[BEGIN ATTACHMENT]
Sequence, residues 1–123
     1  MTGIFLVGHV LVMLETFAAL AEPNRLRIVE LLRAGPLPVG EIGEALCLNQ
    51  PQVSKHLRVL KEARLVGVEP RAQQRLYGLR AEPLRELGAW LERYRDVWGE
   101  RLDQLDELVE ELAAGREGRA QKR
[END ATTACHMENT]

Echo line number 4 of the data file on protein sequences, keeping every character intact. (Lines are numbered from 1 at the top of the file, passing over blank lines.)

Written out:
   101  RLDQLDELVE ELAAGREGRA QKR